Here I will reference some quotes from the chapter “The Unbreakable Vow” and “A Very Frosty Christmas” to examine them from the point of view that Snape is loyal to Dumbledore.
[Harry] crouched down to the keyhole of the last classroom in the corridor and heard voices.
“…cannot afford mistakes, Draco, because if you are expelled-“
-HBP, pg. 322, American edition
If he is expelled he cannot complete the task set to him and will be killed by Voldemort. This would also result in Snape’s own death and is doubly against Dumbledore’s wishes for Draco and Snape to remain alive.
“…I’ve got a plan and it’s going to work, it’s just taking a bit longer than I thought it would!”
“What is your plan?”
“It’s none of your business!”
“If you tell me what you are trying to do, I can assist you-“
“I’ve got all the assistance I need, thanks…I know what you’re up to! You want to steal my glory!”
-HBP, pp. 323-324, American edition)
Draco thinks that Snape wants to interfere with his plans because Snape wants the glory of helping kill Dumbledore. Instead, Snape wants to know the plan so that he can tip off Dumbledore if necessary.
There was silence for a moment or two, then Ron said, “Course, you know what they’ll all say? Dad and Dumbledore and all of them? They’ll say Snape isn’t really trying to help Malfoy, he was just trying to find out what Malfoy’s up to.”
“They didn’t hear him,” said Harry flatly. “No one’s that good an actor, not even Snape.”
Harry believes that Snape isn’t a good actor? How then could he be an effective spy for anyone? Neither Dumbledore nor Voldemort are people who are easy to fool. One would have to be a very good actor indeed to spy on either person. If Snape can put up an act to fool Voldemort, he can definitely put one up to fool Draco.
Part 2: But Wait Just a Moment!
If Dumbledore had planned for Snape to kill him, wouldn’t he have told someone of this plan? Dumbledore often keeps many things to himself, but would this have not been important information to share with someone else? Certainly if he wished Snape to continue spying for the Order, he would have made sure that the Order had a reason to still trust Snape. Obviously, at the end of Half-Blood Prince, nobody trusts Snape. Will there be something in book 7 that Dumbledore left behind to reveal that Snape committed the murder on his orders? Or have I just punched a huge hole in my own theory?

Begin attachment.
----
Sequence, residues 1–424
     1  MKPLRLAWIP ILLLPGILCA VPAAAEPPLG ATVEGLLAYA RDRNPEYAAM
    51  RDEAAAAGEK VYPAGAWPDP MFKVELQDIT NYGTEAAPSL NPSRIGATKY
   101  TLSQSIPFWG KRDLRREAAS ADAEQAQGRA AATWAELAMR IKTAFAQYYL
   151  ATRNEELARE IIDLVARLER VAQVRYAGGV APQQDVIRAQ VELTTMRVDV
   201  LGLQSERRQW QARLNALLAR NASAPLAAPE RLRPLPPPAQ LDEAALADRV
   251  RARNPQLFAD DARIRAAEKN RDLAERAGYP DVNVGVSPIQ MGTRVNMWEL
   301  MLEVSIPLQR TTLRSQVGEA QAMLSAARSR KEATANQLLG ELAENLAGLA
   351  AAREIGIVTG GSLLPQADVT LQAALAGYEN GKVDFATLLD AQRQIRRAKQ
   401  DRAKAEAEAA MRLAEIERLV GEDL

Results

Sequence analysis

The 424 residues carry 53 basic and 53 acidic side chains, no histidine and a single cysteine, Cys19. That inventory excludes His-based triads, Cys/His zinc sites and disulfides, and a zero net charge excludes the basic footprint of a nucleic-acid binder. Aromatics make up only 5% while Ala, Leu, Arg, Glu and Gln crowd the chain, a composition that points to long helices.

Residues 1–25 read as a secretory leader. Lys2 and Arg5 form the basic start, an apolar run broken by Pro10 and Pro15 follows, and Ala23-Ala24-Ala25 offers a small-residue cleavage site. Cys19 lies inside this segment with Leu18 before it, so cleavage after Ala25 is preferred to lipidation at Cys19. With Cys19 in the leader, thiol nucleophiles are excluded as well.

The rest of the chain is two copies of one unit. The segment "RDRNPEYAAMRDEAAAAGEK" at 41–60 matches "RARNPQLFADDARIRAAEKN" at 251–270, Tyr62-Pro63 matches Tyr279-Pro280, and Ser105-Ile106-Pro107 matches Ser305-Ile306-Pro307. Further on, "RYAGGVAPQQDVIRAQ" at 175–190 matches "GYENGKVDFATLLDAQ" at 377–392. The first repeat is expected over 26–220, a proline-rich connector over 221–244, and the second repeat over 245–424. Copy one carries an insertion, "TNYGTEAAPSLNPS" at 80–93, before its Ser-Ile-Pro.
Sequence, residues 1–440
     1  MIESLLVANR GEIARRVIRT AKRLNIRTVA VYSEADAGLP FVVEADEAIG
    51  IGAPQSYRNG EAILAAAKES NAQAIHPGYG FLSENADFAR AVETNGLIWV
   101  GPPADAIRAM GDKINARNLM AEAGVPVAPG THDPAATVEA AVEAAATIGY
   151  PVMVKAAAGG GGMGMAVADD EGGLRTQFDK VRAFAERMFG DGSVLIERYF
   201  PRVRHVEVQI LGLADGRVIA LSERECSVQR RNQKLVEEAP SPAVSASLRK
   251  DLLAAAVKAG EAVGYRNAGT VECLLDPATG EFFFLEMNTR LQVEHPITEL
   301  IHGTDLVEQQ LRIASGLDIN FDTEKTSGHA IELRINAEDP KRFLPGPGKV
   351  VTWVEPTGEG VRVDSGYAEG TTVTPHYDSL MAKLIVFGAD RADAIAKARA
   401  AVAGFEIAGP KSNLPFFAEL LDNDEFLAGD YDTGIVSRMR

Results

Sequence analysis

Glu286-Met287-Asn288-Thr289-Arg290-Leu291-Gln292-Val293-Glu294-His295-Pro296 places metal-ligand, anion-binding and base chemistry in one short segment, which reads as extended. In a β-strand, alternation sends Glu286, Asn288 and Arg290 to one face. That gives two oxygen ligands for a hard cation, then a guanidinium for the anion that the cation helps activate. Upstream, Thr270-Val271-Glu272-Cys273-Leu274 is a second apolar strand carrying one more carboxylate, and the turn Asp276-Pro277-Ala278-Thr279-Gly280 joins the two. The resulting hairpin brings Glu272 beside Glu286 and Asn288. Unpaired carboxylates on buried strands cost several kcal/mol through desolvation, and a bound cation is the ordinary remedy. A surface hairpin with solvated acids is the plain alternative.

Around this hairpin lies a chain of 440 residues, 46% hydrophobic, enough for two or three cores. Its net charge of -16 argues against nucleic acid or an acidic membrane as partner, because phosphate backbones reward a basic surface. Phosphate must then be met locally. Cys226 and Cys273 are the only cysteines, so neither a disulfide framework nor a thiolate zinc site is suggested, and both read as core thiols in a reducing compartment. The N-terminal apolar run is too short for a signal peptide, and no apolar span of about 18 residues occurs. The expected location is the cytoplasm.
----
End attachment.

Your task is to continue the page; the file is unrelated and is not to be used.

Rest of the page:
Secondly, as I was writing this editorial, I zeroed in on this quote from the chapter “The Lightning-Struck Tower”:
“He hasn’t been doing your orders, he promised my mother-“
“Of course that is what he would tell you, Draco, but-“
“He’s a double agent, you stupid old man, he isn’t working for you, you just think he is!”
-HBP, pg. 588, American edition
When I read Dumbledore’s words, my heart sunk a little, for it can be taken two ways. From the way that Dumbledore replies, it sounds that he did not know about the Unbreakable Vow at all. The only way I can imagine that Dumbledore knew about the vow is if he had finished the sentence with something like: “Of course that is what he would tell you, Draco, but I also wished for him to watch over you to see that you did not succeed in becoming a murderer and that you did not do others harm.” Because of Draco’s overwhelming rudeness, we will never know what the rest of Dumbledore’s sentence was going to be.
Why was I so keen to assume that Snape is still on the right side? Am I delusional? No, I know he isn’t a nice person, as J.K. has constantly reminded us in interviews and such. I just want so badly for Snape to redeem himself. He did terrible things in his past, things far worse than being a bad teacher; he told Voldemort of the prophecy, he joined the Death Eaters, and I am sure that he must have killed people as one. But Dumbledore said he came back to the right side to redeem himself. No other character has done this. Snape was an example that one can turn around and do the right thing despite the horrible past one has lived. If Snape was really in league with Voldemort the whole time, as he assured Bellatrix in the second chapter, then Snape can no longer be that example. So, until the seventh and final book proves otherwise, a small part of me will continue to hope (against the logical part that says he deserves to burn for eternity) that Snape is really loyal to the Overall Good, and not to Evil.
You can contact this author at oh_my_pie at yahoo dot com.